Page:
Uniform is a “remix album” and a follow up to my debut album Form. Form was about the deconstruction of sound while Uniform is about the reconstruction of it. Although the album contains only three proper remixes, the five new original tracks were guided by the spirit of a remix album. The songs were put together mostly by constructing field recordings, randomly recorded piano parts, and so on to create source material and then combined afterword to create songs. The new tracks were created to have some parallelism with the remixes. Uniform discovers the differences within similarities. Uniformity is nothing more than an idea; a force that turns and breaks from human lens to human lens.
REVIEWS of UNIFORM
Reissued on Audiobulb in 2013
Form was recorded in the Winter of 2010/2011 and marks that very specific time in my life. I started recording Form after my project, feie, went on hiatus and for all I know may never exist again. This work reflects my understanding and appreciation for all things coming to an end. The album starts off kicking and screaming and slowly unwinds from then on. Sounds burst out like living organisms, somewhat imperfect and random and then fall apart by refolding into themselves. It carries a bittersweet sentiment, a dying organism so to speak. It is a desperate attempt to latch onto form, but losing it all to the elements. The sound is unstable and fragile. The low ends hold power over everything. It is a battle between what an individual pursues and the overwhelming power of nature. The last song on the album is infinitely loop-able; an old memory as it plays forever.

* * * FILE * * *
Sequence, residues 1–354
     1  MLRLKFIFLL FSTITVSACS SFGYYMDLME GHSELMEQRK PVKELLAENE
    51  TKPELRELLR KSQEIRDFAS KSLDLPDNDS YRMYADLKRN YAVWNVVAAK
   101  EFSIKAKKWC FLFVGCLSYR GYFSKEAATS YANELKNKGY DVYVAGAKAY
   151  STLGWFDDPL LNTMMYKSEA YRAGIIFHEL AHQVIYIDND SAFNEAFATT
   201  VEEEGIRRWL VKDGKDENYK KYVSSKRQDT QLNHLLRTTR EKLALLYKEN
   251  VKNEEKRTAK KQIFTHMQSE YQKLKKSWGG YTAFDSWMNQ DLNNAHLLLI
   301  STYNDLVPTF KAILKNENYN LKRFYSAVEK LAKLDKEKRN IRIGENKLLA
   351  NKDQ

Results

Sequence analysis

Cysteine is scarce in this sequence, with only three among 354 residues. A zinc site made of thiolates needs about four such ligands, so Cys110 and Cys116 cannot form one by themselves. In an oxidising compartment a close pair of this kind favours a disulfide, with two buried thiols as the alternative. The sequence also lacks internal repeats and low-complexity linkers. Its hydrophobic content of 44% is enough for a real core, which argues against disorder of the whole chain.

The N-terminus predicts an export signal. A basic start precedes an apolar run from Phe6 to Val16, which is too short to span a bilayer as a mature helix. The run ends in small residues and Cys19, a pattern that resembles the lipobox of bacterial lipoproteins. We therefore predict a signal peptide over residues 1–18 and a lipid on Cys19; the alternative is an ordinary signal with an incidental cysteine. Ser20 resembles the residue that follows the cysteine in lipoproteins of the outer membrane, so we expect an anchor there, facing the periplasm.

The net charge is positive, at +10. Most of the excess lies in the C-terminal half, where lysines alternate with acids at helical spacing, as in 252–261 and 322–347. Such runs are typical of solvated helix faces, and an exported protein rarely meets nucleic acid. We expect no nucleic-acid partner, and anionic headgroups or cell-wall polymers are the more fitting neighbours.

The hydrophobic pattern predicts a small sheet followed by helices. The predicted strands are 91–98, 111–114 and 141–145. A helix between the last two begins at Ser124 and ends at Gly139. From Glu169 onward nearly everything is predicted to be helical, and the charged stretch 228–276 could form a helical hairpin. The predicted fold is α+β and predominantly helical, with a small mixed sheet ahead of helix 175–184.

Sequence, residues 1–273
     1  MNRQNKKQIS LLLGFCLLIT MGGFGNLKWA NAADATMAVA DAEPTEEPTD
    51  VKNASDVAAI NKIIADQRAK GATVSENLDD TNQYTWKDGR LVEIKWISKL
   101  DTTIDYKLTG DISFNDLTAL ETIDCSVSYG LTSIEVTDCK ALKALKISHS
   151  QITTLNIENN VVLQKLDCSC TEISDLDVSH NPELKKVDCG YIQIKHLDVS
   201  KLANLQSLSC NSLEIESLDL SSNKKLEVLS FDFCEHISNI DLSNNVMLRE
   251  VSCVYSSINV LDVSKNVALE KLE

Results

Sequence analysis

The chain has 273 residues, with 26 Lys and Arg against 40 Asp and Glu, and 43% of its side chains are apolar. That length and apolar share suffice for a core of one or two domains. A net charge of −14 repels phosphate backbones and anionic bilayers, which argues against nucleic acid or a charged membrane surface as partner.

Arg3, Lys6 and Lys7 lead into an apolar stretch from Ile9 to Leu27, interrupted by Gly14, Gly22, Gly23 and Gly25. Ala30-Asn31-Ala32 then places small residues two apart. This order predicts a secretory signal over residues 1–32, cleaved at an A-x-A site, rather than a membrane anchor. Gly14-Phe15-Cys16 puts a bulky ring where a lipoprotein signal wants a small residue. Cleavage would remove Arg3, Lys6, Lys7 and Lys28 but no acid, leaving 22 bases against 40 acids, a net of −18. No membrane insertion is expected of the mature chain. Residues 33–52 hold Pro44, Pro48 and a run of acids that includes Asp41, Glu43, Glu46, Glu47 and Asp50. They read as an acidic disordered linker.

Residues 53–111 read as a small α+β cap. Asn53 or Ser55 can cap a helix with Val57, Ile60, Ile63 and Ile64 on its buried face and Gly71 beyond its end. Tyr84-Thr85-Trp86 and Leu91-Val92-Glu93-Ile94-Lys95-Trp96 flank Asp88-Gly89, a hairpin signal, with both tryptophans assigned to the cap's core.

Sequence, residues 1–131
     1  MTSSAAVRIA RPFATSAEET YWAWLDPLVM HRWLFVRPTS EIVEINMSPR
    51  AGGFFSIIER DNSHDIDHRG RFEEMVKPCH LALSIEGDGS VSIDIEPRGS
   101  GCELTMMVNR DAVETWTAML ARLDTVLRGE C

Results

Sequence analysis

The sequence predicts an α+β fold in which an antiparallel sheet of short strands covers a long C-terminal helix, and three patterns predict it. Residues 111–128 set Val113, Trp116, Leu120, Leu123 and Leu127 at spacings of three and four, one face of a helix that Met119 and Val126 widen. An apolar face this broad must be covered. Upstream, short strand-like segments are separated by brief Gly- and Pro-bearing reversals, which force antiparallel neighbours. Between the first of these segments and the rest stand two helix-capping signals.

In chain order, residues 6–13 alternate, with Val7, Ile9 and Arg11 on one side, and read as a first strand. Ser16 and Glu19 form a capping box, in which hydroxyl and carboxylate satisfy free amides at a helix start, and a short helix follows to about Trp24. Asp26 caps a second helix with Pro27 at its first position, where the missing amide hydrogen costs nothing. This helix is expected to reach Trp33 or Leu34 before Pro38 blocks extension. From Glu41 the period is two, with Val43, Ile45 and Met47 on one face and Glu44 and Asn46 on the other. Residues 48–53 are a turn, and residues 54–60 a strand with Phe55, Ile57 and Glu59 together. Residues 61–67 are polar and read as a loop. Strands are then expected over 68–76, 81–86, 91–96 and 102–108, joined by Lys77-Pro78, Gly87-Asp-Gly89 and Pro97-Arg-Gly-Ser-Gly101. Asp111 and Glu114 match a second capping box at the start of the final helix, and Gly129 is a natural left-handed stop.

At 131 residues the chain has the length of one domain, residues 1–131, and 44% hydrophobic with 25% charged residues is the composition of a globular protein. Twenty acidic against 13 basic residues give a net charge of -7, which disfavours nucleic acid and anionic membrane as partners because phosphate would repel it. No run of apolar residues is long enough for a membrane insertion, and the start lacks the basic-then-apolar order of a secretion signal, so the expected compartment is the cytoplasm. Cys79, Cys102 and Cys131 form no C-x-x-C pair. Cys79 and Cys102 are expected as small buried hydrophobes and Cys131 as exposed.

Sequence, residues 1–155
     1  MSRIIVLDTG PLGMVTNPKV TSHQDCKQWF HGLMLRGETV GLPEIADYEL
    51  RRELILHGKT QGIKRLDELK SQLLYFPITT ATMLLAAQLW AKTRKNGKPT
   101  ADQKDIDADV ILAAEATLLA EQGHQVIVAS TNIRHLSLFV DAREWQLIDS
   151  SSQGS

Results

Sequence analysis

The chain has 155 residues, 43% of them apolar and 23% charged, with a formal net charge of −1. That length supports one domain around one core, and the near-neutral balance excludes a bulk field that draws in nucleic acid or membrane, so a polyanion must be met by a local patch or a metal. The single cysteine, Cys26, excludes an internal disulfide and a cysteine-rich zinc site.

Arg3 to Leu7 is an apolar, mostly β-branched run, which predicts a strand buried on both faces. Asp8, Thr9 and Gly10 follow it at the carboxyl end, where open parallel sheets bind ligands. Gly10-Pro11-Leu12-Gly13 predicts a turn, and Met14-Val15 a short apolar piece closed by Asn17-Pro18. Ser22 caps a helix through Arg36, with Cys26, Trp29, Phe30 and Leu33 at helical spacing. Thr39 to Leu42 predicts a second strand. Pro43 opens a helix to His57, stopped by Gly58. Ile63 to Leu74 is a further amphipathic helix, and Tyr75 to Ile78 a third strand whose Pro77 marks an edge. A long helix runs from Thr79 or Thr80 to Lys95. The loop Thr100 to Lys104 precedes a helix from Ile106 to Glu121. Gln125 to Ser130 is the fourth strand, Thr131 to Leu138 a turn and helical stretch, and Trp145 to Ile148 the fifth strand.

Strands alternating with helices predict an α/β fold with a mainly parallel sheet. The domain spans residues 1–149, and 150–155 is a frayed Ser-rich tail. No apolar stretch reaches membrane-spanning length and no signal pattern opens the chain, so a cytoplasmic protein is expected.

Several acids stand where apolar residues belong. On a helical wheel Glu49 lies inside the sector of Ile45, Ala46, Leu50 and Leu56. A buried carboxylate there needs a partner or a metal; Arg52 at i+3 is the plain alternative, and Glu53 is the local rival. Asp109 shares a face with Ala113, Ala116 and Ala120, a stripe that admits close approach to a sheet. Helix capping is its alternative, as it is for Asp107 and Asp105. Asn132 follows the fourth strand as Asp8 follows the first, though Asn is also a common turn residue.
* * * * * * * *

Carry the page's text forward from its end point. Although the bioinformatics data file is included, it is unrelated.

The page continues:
REVIEWS of FORM